Light symposium enlightens public on energy concerns

Lewis University and ICROL present “Manmade Light at Night” public symposium

Published: March 15, 2010.

On March 11, the Illinois Coalition for Responsible Outdoor Lighting (ICROL) and Lewis University together presented a public symposium entitled “Manmade Light at Night: Perils and Promises.” The general theme among the speakers related to the importance of maximizing energy efficiency and minimizing waste. They see two of the main problems as being over illumination and unnecessary lighting.

While Brother James Gaffney, FSC, president of Lewis University, welcomed all participants, Dr. Jerry Kavouras, assistant professor of biology at Lewis University, gave an introduction to the symposium. Pete Strasser, technical director of the International Dark Sky Association, presented “The Environmental Consequences of Contemporary Lighting Practices.” followed by Dr. Mark Hammergren’s lecture called, “Light at Night’s Impact on Science and Culture.”

“The Road to Sustainable Lighting Practices,” was delivered by Drew Carhart, executive board member for the Illinois Coalition for Responsible Outdoor Lighting.” Throughout Carhart’s presentation, he stressed the importance of determining where, when and how much light is needed. Displaying photographs of the city of Chicago, Carhart illustrated how some light sources are inefficient and expensive.

When asked by one of his listeners about the effect of light on crime prevention, Carhart responded saying that no study has actually shown that well-lit areas have reduced crime. One audience member suggested motion lights as a solution to the worries that crime will occur in the dark. This way, light is not being wasted and there can still be a sense of security. According to Carhart, out of the 422,778 accidents that occurred on Illinois roads in 2007, 65 percent of them occurred during the daytime. Therefore, he hypothesizes that there is no direct correlation between light and crime or accidents. Rather, there are other factors making contributions to crime and accidents.

Director of Public Works for the City of Santa Rosa, California Rick Moshier, Homer Glen Village Trustee Margaret Sabo and Community Development Director Edmond Cage presented “Municipal Solutions for Fiscal and Environmental Responsibility” followed by a presentation on “Light at Night and Human Health” by Dr. Steven Lockley of the Division of Sleep Medicine at Harvard Medical School. Kate Tomford, director of sustainability from the Office of Illinois Governor Pat Quinn, gave closing remarks to conclude the symposium.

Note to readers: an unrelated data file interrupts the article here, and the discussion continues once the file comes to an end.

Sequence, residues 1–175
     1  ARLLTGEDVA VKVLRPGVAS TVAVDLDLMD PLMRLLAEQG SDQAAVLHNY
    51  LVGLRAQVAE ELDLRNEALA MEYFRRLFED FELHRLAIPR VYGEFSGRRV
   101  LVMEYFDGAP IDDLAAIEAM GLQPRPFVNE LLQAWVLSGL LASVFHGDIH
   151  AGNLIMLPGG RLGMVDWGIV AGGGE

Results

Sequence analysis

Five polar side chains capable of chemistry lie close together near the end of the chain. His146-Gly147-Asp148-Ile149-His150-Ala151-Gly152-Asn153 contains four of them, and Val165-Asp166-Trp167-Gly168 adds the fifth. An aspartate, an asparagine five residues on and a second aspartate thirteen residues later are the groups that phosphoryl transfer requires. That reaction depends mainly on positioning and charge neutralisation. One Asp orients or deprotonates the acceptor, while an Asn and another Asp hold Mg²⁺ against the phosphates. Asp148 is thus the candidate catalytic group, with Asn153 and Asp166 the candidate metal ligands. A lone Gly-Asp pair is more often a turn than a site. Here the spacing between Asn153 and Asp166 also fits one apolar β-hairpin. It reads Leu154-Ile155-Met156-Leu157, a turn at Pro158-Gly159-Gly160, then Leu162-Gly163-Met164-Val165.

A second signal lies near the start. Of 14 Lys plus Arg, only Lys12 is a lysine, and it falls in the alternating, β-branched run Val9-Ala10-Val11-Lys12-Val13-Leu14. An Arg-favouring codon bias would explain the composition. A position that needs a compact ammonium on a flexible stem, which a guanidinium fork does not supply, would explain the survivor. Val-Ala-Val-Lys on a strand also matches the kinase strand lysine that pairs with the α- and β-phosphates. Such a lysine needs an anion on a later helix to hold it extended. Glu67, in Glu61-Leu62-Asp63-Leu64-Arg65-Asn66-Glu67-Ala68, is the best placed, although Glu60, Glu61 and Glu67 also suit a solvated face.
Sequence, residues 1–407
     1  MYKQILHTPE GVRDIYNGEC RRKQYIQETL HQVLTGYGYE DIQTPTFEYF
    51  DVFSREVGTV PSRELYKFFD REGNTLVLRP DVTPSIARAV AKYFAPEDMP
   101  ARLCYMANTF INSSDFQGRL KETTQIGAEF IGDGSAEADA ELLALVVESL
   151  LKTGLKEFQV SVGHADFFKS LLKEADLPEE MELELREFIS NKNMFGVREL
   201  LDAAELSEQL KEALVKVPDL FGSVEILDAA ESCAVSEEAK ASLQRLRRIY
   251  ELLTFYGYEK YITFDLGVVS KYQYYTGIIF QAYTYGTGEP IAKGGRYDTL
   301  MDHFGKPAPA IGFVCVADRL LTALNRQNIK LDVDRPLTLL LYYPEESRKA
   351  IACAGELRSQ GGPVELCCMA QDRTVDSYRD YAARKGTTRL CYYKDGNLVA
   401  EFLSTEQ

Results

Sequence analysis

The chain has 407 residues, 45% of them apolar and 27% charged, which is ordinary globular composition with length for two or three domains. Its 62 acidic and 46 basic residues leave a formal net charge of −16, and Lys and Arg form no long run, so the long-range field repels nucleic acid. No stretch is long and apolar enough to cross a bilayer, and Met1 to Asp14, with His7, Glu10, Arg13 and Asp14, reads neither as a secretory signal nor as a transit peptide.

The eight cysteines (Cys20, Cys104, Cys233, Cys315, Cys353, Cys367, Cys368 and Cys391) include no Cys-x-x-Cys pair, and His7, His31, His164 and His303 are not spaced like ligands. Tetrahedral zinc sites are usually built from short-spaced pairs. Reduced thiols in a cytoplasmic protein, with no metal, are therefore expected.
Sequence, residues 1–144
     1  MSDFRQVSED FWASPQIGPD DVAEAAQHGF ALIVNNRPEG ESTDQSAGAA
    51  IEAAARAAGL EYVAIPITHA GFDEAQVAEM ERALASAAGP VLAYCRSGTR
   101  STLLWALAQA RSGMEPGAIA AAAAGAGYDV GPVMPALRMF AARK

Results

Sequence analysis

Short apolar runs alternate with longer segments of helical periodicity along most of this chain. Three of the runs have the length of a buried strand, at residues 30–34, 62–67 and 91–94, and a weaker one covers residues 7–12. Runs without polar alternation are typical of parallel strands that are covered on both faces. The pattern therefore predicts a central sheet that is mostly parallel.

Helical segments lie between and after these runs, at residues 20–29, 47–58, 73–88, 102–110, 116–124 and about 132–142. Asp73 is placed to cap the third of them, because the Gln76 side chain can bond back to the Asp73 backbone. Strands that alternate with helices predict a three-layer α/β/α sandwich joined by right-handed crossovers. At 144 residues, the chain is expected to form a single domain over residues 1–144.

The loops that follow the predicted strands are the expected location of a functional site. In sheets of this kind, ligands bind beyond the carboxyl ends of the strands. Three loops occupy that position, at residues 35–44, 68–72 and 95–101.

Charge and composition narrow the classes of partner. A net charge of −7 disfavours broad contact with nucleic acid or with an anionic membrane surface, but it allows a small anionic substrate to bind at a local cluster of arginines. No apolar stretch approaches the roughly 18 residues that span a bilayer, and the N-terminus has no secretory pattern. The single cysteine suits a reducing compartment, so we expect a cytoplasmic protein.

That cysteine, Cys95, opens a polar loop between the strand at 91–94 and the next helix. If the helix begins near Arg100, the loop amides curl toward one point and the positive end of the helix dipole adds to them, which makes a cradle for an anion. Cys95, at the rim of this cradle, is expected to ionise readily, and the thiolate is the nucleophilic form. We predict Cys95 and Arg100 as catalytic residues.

Exhibitors included the Chicago Bird Collision Monitors, Chicago Wilderness, City of Santa Rosa, California, Illinois Coalition for Responsible Outdoor Lighting, International Dark Sky Association, Kankakee Area Stargazers, Let There Be Night, Lewis University, Naperville Astronomical Association, Village of Homer Glen, Illinois and the Will County Audubon Society.

The symposium was sponsored by: International Dark-Sky Association, Illinois Audubon Society, Will County Audubon Society, Naperville Astronomical Association, Oak Group and Illinois Nature Fund. The Kankakee Area Stargazers were a symposium donor.

The Illinois Coalition for Responsible Outdoor Lighting is a not-for-profit group of Illinois citizens who share a commitment to work toward the reduction of wasteful lighting practices within Illinois. ICROL raises public awareness, serves as a resource for homeowners, business owners and municipalities, works for the implementation for responsible standards and promotes the adoption of state-wide policies. For additional information, please visit www.illinoislighting.org.

A Catholic university sponsored by the De La Salle Christian Brothers, Lewis offers nearly 80 undergraduate majors and programs of study, accelerated degree completion options for working adults, various aviation programs and 22 graduate programs in nine fields. The ninth largest private, not-for-profit university in Illinois is being honored for the sixth consecutive year by The Princeton Review and U.S. News & World Report.



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